Ben: What role do these guys play in the wild, what’s the main job?  

Malcolm: Their main job is basically to keep the fish population down and to try and keep breeding as well. Also saying that, they’re on the food chain for like sharks, orcas and that sort of thing.

Ben: Right. So, it’s a natural progressive, there in amongst the food chain.  Where would they swim down to, how far they go?

Malcolm: Okay, these guys here that we have here, you can find anywhere from around the southern parts of South Australia, that’s just South Australia I mean there’s other parts of Australia. Around from Kangaroo Island to Geraldton in Western Australia, that’s the Australian sea lions and the others you can find for Kangaroo Island up to the northern parts of New South Wales. Even some places up along the coast here we’ve had seals even up to Seventeen Seventy.

Ben: Good grief. Now, what else is on display here that people can see?

Malcolm: We’ve got octopus, we’ve got different sharks, a tunnel that you can walk through and it   gives a feeling like you are going underneath the ocean without actually getting wet. I think a lot of people just take it for granted until they walk through something like this, they really don’t understand how the ocean operates.

Ben: That’s like a lot of things,

Malcolm: Yes if you don’t understand it, you don’t fall in love with it or don’t think about out of sight out of mind. So, if they come here, they get to see what the animals are really like just not the animals. The fish, the people who are involved with everything.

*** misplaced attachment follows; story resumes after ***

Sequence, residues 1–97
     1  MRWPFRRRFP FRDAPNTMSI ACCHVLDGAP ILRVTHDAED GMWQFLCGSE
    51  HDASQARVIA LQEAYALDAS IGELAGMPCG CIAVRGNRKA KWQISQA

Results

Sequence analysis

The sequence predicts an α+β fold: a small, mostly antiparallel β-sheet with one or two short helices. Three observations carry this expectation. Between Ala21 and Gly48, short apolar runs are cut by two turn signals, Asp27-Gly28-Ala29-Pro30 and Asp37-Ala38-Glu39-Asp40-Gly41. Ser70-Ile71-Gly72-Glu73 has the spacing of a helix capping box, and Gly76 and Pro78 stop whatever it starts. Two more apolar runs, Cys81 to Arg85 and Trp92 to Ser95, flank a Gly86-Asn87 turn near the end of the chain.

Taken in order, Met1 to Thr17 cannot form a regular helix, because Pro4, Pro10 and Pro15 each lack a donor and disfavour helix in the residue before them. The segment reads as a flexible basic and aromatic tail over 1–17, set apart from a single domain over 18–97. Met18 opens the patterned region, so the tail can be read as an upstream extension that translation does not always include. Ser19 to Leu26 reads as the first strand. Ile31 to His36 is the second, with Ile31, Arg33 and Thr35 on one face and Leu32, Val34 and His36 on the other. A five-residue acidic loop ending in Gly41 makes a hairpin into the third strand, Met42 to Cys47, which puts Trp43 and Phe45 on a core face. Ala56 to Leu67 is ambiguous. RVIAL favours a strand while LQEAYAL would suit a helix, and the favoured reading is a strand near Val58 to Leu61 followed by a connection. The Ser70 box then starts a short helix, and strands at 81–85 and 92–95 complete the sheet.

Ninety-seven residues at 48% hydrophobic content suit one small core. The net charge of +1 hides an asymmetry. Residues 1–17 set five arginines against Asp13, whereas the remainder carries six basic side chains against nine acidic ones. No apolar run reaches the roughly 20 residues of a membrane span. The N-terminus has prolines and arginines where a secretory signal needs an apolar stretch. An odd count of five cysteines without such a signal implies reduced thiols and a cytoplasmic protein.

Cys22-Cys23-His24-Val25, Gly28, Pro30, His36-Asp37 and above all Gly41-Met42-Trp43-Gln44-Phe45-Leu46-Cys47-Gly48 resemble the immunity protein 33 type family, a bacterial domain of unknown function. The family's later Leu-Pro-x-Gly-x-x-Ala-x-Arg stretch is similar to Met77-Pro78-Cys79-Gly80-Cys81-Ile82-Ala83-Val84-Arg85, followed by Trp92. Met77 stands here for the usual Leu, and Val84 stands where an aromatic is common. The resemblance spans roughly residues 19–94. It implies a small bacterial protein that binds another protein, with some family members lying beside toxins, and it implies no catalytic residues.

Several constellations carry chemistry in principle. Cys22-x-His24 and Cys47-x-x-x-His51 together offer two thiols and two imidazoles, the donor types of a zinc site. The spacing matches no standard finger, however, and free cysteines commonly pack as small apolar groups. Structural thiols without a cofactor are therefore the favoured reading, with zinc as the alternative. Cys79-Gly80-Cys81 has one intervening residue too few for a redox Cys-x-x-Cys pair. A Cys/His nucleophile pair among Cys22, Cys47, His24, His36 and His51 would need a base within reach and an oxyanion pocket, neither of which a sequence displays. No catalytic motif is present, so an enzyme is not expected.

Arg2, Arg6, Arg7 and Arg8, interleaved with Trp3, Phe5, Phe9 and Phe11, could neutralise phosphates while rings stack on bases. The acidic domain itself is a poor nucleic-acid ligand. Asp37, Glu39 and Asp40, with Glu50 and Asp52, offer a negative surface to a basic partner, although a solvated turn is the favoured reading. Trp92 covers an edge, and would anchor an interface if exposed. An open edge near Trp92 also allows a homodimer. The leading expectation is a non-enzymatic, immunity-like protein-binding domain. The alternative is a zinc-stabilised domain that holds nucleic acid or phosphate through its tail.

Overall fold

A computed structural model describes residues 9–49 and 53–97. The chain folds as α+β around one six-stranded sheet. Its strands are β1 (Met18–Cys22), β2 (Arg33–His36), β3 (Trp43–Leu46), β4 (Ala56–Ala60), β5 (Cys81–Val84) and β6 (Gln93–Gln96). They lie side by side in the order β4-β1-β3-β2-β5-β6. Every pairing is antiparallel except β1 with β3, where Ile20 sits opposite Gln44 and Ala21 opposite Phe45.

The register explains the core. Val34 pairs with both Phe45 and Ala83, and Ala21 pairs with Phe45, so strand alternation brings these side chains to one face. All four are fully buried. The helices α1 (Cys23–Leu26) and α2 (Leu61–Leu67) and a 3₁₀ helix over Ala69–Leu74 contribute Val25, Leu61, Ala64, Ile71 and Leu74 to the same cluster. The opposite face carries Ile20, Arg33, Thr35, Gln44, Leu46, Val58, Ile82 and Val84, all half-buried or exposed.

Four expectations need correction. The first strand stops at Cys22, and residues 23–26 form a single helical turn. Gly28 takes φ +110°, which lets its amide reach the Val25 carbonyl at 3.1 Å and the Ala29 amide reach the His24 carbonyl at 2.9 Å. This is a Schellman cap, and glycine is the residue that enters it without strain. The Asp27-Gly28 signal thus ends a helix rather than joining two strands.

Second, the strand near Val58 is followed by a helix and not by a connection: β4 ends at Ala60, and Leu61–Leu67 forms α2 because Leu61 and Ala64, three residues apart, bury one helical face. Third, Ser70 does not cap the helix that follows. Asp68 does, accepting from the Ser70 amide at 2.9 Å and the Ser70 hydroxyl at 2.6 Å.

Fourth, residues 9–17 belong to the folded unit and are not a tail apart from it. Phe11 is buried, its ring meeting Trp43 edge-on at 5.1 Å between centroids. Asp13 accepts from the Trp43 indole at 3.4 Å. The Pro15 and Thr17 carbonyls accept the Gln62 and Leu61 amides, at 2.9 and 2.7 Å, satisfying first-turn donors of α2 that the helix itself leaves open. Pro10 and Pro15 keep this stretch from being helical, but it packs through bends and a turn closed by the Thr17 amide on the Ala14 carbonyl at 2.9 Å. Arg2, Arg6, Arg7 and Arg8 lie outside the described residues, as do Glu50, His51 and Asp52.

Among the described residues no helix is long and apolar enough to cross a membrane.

Ben: Yeah. Now, what else can you do up here on the Sunshine Coast, it’s famous for lots of things?

Malcolm: Look there’s a lot of things. I love going for a walk along Moolooabah Beach. It’s a long walk and that, you can sit at the end of the mouth of the river, you can see dolphins out there sometimes and turtles, but what a lot of people don’t get to Buderim Rainforest. Now there’s two ways to approach it, you can come from the top, if you like a bit of adventure. It’s easy going down but coming back up can be a little bit hard, so anyone who just likes a casual walk through rainforest through a waterfall down the southern part and that will take you along a man-made walk, which won’t invade the environment.

Ben: The big thing that we’ve noticed on this trip is eco-tourism.  Everyone’s looking out for the benefits to the environment from everything they do from basically farming, making coffee all the way down to people standing at the reef and everyone plays a role in it and I think that’s the big thing that we have learnt. How far are we out of Brisbane because people would be listening to us thinking, well how do we get do we get to this place to see all this wonderful stuff?

Malcolm: It’s approximately an hour and a half from the centre of Brisbane so it’s pretty close from Brisbane itself. No worries at all, we have people that commute down to Brisbane each day for work and actually some of our staff travel up from there, so yeah. They love it too, it’s that easy each day to come up and down.

Ben: Now my final question is, how do you get these fellas to go back to bed now that they’ve come out? 

Malcolm: What they’ll do, they hurl themselves out onto the rock work and they’ll find their actual sleeping spots that they like to sleep in.  They all have their own enclosures behind the scenes. In there’ve got swimming ledge, and dry bed and conditioning. The only thing they are missing is a PlayStation, we’re trying to convince management that’s good stimulation for them too, but they’re not falling for it.   

Ben: Do they get to know you by voice?